Forget to Plant Food Plots for Wildlife
Auburn, May 18---Just
because winter is over, don't forget about planting food plots for
wildlife. Planting plots now will provide food for wildlife
throughout summer and fall and can provide cover for some species.
needs both forage high in protein and grains high in carbohydrates.
Warm-season forages eaten by deer, rabbits and groundhogs include
alyceclover, American jointvetch, buckwheat, cowpeas, essex rape and
forage-type turnips. Deer love soybeans, but soybeans don't do well
under browsing pressure, especially in small plots less than 2
Combination plots are
recommended over single-species plantings, says Jim Armstrong,
wildlife scientist with the Alabama Cooperative Extension System.
Combination plots lengthen the foraging period, and if diseases or
insects impact one crop, other crops will remain.
Brooding wild turkeys
and bobwhite quail benefit from warm-season forage plots by feeding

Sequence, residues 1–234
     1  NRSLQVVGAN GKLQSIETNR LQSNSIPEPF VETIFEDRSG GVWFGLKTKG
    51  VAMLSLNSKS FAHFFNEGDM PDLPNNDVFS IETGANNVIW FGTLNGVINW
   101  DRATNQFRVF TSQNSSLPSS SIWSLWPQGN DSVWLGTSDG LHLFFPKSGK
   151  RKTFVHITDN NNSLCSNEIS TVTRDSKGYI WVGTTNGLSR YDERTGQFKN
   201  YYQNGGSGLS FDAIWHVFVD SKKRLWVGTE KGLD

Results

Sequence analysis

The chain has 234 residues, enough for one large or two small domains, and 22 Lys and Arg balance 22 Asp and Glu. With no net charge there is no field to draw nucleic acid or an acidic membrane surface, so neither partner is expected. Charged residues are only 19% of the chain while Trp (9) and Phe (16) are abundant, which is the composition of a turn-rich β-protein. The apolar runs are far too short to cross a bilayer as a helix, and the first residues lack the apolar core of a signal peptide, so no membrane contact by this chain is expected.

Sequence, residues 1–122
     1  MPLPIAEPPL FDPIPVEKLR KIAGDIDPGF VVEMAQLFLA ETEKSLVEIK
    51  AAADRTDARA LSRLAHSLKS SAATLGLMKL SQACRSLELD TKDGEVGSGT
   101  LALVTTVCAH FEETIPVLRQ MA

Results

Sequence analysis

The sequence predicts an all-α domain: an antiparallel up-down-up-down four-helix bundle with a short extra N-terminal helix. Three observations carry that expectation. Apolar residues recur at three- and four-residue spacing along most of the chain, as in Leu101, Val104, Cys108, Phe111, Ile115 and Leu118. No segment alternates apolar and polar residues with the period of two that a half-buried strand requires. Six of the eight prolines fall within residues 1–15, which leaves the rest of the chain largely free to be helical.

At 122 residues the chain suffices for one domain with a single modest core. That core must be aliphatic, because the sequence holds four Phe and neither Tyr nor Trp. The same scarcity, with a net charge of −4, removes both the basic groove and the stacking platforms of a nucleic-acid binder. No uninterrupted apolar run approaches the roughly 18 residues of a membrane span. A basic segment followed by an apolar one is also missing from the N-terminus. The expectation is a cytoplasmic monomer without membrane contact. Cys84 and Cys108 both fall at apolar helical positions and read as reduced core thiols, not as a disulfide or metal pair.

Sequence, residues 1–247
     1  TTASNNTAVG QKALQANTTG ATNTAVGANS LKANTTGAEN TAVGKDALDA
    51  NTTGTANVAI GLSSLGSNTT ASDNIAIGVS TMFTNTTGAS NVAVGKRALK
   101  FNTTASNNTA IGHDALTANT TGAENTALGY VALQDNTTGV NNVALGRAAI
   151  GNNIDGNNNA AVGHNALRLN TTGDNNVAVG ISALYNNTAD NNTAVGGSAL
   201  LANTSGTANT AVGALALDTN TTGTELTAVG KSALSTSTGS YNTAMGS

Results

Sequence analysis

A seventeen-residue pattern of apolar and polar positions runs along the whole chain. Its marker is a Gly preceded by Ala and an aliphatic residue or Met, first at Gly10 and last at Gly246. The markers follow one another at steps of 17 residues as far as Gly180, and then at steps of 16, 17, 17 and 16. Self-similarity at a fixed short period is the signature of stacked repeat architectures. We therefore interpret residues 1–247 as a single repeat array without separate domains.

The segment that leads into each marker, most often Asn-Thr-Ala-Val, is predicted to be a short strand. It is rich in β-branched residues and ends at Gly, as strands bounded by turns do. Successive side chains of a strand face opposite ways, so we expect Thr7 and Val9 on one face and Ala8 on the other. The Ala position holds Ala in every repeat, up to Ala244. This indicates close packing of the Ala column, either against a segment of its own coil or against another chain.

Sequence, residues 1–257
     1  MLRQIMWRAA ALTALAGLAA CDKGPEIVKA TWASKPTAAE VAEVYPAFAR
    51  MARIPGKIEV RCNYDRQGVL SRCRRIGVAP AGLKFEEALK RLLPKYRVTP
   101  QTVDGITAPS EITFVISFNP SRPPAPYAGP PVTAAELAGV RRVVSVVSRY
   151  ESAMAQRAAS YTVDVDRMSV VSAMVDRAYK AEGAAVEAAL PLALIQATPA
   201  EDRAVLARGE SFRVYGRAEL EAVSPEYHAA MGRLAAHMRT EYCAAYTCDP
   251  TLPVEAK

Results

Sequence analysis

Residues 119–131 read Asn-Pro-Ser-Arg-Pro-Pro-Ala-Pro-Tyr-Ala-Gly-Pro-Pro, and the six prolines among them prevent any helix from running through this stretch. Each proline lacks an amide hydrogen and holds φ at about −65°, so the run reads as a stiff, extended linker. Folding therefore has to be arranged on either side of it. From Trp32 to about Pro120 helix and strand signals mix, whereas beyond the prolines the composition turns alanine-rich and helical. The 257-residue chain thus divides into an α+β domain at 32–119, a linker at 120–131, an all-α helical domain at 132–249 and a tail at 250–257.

on insects throughout spring and summer, says Armstrong. Preferred
grains by bobwhite quail, doves, wild turkeys and deer include corn,
grain sorghum (milo) and millets (browntop, foxtail and white proso).
Grain from these crops provide energy from late summer through
Deer and turkeys can get
to food when the plant is erect but doves cannot. Bushhogging
several strips through the plots will make grain available to these
birds throughout fall and winter.
Make sure wildlife food
plots are not visible from roads. This reduces poaching and may help
keep wildlife away from traffic.
Before planting food
plots, have the soil tested and follow soil-test recommendations for
lime and fertilizer. Liming corrects soil acidity, improves
availability of nutrients and improves nitrogen fixation by legumes.
Nitrogen is necessary
for high-protein levels, says Armstrong, while phosphorus,
potassium, sulfur and other nutrients enable plants to use nitrogen
To allow nitrogen
fixation, inoculate legumes with species-specific inoculant prior to
planting. Properly inoculated seeds may produce more than 100 pounds
of nitrogen per acre.
Don't drill or cover
seeds too deeply. Drill or cover grains by disking 1 inch deep.
Cover small-seeded species no more than one-fourth inch. After
sowing these seeds, cultipack the seedbed again to ensure firm
SOURCE: Dr. Jim
Armstrong, Extension Wildlife Scientist, Alabama Cooperative
Extension System (334) 844-9233